A 44-year-old man came to the ED with swelling of the lower extremities and ecchymosis present for the past six days. He denied nausea, vomiting, or diarrhea.
The patient reported a past history of chronic bronchial asthma. He further reported that he had been seen by his primary internal medicine physician twelve days earlier for a suspected urinary tract infection and had been taking ciprofloxacin. He had done well for six days but then developed bilateral lower extremity swelling with some petechiae. He returned to his primary internist who prescribed furosemide. His symptoms did not improve, which prompted his trip to the ED. Labs revealed an elevated white blood cell count, elevated liver enzymes, and proteinuria. A chest x-ray and renal ultrasound were normal. The ED physician recommended hospital admission.
The patient was admitted to the care of the on-call internal medicine physician (the patient’s primary internist did not have hospital privileges). The on-call physician’s differential diagnoses included sepsis, etiology unclear; bronchitis; asthma; fever; hyponatrema; elevated liver enzymes; and urinary tract infection. The on-call physician requested nephrology and infectious diseases consultations.
Multiple tests were ordered during this hospitalization including a skin biopsy that demonstrated vasculitis of unknown etiology. The patient was treated with IV methylprednisolone sodium succinate and seemed to improve. He was discharged after six days in the hospital onprednisone, 40 mg per day for seven days. He was instructed to follow up with the on-call internist on an outpatient basis.
The patient saw the on-call internal medicine physician three times in the week after discharge. The patient reported improvement, but still had respiratory complaints, abdominal pain, a rash, and “on and off fatigue.” On the second visit, a tapering dose of prednisone was ordered, 20 mg to 5 mg over four days. On the third visit, the patient was referred to a pulmonologist and a rheumatologist. He was also asked to return to the on-call physician’s office in one week. The patient did not follow up with the referrals and elected to transfer his care back to his primary internal medicine physician.
Approximately six weeks after discharge, the patient returned to the hospital with complaints of shortness of breath, hemoptysis, and weakness that had progressed to his upper extremities. He now had difficulty standing or grasping objects. The primary internal medicine physician, now with hospital privileges, was contacted to see the patient. His admission notes reported that the patient had been seen as an outpatient after the prior admission but had been lost to follow up. During this hospitalization the patient underwent nerve and muscle biopsies that resulted in a diagnosis of vasculitis secondary to Churg-Strauss Syndrome (CSS).
Over the next year, the patient’s condition continued to deteriorate. He became progressively weaker and confined to a wheelchair. He was hospitalized on several occasions for various problems including renal insufficiency and thromboembolic disease. The patient committed suicide.
The patient’s family filed a lawsuit against the primary internal medicine provider and the on-call internal medicine physician. They alleged that these physicians failed to timely diagnose and properly treat the patient’s CSS. They further alleged that these physicians should have ensured that the patient would be followed by a rheumatologist on an outpatient basis. The family alleged that, as a result, the patient became unable to walk independently, take care of his personal needs, or work. The family alleged that as a result of his disability and loss of independence, the patient suffered severe mental anguish that manifested with his suicide.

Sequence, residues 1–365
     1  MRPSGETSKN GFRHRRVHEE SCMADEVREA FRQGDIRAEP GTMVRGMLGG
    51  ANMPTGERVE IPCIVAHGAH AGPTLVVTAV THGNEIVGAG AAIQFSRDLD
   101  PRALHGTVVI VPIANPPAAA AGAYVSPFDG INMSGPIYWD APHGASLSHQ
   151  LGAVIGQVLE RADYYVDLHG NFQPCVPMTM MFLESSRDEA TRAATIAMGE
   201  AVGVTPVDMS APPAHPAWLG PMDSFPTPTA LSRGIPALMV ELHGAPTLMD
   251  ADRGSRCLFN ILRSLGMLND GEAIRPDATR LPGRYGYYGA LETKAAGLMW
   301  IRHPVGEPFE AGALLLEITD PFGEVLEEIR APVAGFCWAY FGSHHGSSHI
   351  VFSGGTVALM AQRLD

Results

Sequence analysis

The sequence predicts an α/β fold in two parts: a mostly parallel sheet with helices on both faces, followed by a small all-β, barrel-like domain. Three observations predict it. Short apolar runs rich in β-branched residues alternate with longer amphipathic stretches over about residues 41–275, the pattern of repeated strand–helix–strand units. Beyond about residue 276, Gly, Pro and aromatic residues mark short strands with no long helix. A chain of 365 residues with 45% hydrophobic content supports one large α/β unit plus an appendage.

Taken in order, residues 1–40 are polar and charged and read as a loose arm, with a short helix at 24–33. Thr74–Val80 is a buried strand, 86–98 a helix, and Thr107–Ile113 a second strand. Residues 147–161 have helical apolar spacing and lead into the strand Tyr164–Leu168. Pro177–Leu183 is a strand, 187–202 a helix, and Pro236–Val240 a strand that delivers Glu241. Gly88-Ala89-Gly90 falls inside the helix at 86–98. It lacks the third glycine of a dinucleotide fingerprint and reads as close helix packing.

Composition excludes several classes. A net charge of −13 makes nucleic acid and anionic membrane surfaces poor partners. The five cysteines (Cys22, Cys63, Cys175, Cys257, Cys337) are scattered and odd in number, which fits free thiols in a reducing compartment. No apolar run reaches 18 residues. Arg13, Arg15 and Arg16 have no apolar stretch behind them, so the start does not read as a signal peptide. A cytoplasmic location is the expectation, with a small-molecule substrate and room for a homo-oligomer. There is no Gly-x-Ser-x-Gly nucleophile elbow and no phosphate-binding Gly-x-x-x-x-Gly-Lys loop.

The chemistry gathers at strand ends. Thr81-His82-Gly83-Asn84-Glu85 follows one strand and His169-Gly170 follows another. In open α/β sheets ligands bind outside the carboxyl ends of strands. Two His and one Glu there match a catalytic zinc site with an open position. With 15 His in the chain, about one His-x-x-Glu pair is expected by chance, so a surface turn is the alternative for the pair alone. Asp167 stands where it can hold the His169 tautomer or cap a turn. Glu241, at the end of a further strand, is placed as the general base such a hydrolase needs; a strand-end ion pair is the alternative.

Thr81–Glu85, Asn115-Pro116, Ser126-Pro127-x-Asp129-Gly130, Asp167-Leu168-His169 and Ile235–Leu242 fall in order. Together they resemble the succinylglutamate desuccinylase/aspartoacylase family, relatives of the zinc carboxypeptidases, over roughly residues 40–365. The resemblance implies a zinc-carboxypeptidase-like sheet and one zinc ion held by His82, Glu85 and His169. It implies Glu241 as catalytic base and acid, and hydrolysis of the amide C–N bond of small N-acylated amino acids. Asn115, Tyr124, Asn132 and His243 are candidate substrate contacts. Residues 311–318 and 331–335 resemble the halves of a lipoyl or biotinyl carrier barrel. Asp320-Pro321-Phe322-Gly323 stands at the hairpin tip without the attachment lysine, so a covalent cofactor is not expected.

Independent experts who reviewed this case agreed that CSS is a rare disease process, but that an internal medicine physician should have been aware that treatment of this disease requires long-term use of high dose prednisone. The experts agreed that the on-call internist physician failed to maintain the patient on an adequate prednisone regimen.
Further, there was an issue with production of the electronic health records in the lawsuit that gave the perception that CSS had been diagnosed but not addressed much earlier in the patient’s course of treatment.
This case was settled on behalf of both physicians.
Risk management considerations
A considerable weakness in this case was accuracy of documentation in the electronic health records. In one encounter note, although the physical assessment indicated a normal skin exam, the diagnosis for the visit was CSS and open leg wound. Although the diagnosis of CSS was not made until the second hospitalization, the office visit encounter notes indicated the diagnosis in the office visit notes four months earlier.
Reviewing electronic visit encounter documentation before signing and locking the note is recommended, as contradictory or inaccurate information may be entered.
Printing a complete set of medical records from the electronic health record that includes lab results, diagnostic studies, consults, and phone call documentation is recommended. It is best to do this early in the adoption of a software system to capture errors and correct problems that exist.
These closed claim studies are based on an actual malpractice claims from TMLT. These cases illustrates how action or inaction on the part of physicians led to allegations of professional liability, and how risk management techniques may have either prevented the outcome or increased the physician’s defensibility. These studies have been modified to protect the privacy of the physicians and patients.